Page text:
One Home, Two Home, Red Home, Blue Home

Picture-perfect residence coming to a postcard near you

Story: Ian VanDuzer

Photography: Daniel Banko

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In the middle of the North Atlantic Ocean lies an island that locals affectionately call ‘The Rock.’ If you haven’t brushed up on your east-coast lingo – or seen the hit Broadway show, Come From Away – you may recognize it by its more traditional name: Newfoundland.

Unique in culture, history, and geography, there are many things that make Newfoundland special: the most concentrated moose population in North America; a Viking settlement; and one of the Four Corners of the World being amongst them.

Hey, it even has its own unique time zone! But none of these compare to the special vibrancy and friendliness of local Newfoundlanders.

And nowhere is that friendliness and vibrancy more apparent than in the colourful houses and sheds that dot the coastline, housing those same accommodating, friendly people.

“Newfoundland is a special place,” says Sukhdev Toor, President and CEO of Manga Hotels. He first visited Newfoundland’s provincial capital St. John’s in 2009, scoping out locations for a hotel Manga was building. That first visit lasted just a couple of nights, but the impression really stuck with him.

“It’s a beautiful city,” he reminisces. “And the friendliest people!”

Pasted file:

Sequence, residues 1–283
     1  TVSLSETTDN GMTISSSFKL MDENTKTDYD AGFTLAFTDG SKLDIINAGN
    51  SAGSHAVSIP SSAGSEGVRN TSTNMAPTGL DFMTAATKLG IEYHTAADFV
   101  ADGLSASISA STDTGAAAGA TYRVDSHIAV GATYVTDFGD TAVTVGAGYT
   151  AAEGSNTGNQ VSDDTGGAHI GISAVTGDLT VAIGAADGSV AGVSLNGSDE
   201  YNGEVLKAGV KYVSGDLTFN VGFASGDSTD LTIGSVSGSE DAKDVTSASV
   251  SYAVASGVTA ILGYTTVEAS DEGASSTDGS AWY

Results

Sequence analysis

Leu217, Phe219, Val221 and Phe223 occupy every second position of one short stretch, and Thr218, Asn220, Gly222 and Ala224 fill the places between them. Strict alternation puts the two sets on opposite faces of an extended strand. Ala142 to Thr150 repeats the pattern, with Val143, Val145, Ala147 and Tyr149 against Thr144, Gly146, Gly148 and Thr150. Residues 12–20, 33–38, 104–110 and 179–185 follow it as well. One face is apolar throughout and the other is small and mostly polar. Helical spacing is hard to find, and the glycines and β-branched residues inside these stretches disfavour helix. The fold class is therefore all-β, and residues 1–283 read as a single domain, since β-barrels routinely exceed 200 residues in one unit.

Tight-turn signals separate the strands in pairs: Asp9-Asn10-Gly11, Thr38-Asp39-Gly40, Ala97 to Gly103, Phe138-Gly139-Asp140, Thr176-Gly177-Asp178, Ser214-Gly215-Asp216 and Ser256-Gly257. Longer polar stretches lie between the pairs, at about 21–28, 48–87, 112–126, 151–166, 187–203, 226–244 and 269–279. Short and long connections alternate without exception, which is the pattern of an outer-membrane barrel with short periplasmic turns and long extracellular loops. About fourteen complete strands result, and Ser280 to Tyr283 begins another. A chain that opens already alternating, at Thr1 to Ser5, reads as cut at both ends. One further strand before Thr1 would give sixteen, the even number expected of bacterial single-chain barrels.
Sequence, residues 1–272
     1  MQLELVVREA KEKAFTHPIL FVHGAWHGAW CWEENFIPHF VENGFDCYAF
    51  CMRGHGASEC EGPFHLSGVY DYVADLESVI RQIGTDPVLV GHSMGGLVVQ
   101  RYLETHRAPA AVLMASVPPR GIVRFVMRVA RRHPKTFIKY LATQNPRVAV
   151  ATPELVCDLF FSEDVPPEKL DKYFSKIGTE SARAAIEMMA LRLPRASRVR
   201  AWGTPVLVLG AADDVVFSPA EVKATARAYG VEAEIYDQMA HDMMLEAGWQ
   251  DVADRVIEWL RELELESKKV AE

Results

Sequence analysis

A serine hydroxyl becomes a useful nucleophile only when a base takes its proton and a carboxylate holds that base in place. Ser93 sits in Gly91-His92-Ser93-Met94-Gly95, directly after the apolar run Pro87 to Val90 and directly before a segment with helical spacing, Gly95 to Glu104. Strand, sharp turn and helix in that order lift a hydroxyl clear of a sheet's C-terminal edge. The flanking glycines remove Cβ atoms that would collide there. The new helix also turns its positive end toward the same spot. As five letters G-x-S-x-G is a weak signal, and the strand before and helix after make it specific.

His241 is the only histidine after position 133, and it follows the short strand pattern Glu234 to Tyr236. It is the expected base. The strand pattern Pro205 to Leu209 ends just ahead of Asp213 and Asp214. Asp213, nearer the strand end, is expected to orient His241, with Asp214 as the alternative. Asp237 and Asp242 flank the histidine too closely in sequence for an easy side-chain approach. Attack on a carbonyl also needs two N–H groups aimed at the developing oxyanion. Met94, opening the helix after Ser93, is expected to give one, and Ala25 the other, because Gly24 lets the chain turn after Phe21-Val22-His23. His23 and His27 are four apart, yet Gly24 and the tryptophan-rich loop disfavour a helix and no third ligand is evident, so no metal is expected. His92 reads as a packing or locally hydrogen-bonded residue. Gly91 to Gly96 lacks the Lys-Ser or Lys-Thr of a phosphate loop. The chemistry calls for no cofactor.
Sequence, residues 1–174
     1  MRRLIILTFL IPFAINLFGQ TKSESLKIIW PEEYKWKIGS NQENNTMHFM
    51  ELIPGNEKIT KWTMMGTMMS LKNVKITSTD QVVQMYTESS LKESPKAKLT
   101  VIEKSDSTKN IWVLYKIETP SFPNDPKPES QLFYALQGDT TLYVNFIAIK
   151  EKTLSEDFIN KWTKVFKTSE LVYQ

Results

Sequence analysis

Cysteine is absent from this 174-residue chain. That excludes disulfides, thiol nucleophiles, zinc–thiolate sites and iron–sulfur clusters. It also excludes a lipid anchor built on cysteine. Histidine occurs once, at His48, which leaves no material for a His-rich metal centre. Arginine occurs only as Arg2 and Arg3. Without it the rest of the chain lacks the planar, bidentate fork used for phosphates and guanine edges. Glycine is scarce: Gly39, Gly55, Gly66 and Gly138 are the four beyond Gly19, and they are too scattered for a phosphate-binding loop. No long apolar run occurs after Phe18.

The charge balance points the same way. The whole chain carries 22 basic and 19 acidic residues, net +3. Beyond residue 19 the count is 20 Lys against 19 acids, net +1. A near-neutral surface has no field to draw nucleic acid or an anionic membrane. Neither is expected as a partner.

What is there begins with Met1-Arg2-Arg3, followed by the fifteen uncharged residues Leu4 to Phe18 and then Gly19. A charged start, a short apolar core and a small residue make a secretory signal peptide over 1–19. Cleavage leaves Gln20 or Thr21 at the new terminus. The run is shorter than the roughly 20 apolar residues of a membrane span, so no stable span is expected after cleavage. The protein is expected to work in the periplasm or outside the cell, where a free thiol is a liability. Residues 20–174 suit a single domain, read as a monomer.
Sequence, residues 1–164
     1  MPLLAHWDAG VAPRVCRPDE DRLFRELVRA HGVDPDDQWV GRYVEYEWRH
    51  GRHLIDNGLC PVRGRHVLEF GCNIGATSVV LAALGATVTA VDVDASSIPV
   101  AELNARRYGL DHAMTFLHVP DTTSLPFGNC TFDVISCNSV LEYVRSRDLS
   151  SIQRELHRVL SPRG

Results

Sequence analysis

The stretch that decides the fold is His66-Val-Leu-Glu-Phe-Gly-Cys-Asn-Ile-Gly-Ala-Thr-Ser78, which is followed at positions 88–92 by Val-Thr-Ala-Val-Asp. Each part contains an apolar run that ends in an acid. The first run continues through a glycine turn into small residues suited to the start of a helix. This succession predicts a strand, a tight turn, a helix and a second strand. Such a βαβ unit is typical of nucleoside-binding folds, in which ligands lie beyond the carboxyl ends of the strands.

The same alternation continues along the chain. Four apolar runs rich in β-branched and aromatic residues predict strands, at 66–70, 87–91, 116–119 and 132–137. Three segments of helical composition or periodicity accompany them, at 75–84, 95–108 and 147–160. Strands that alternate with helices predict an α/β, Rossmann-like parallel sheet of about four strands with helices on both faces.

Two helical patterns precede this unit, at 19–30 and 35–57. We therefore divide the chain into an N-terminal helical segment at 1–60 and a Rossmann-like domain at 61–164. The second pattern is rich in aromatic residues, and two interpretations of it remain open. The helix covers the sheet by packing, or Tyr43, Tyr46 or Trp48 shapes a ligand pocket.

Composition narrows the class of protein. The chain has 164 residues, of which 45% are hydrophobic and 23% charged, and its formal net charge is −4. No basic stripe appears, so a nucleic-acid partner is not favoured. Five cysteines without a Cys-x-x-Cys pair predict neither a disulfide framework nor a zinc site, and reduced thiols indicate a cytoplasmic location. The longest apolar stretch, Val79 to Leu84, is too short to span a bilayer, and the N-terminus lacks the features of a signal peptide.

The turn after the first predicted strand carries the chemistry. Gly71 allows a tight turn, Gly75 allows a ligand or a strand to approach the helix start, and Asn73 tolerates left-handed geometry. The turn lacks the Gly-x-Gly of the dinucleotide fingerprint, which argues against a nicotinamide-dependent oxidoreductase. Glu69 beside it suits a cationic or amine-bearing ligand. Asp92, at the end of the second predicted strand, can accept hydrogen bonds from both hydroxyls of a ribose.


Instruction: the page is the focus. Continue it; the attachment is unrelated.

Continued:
St. John’s – and its people – left such an impression that Toor immediately started to look for reasons to return. It took a few years, but opportunity eventually came knocking.

Something New for Everyone

Nestled in downtown St. John’s within view of the Harbour, the Star of the Sea Residences building sneaks a peek over the smaller rows of houses surrounding it. It’s a gleaming, colourful luxury apartment building that fits right in with the St. John’s aesthetic.

For Toor, it represents a new opportunity, not just for St. John’s, but for his company as well.

As evident by the name, Manga Hotels mostly builds, owns, and operates hotels across North America. But when a residential plot became available near St. John’s Harbour, Toor leapt at the opportunity to build his first residential building.

It was about more than diversifying Manga Hotels’ portfolio.

It was a challenge, and an opportunity to do something different. “Hotels are very simple,” Toor explains.
They have stable, consistent designs and façades. “With residences, you can do more,” he grins.

And if he was looking for a vibrant, beautiful city to build his first apartment complex in, he could not have chosen a better site.

Houses of Another Colour

Of all the visual landmarks of Newfoundland, few are as recognizable or as iconic as the colourful homes that dot the coastline.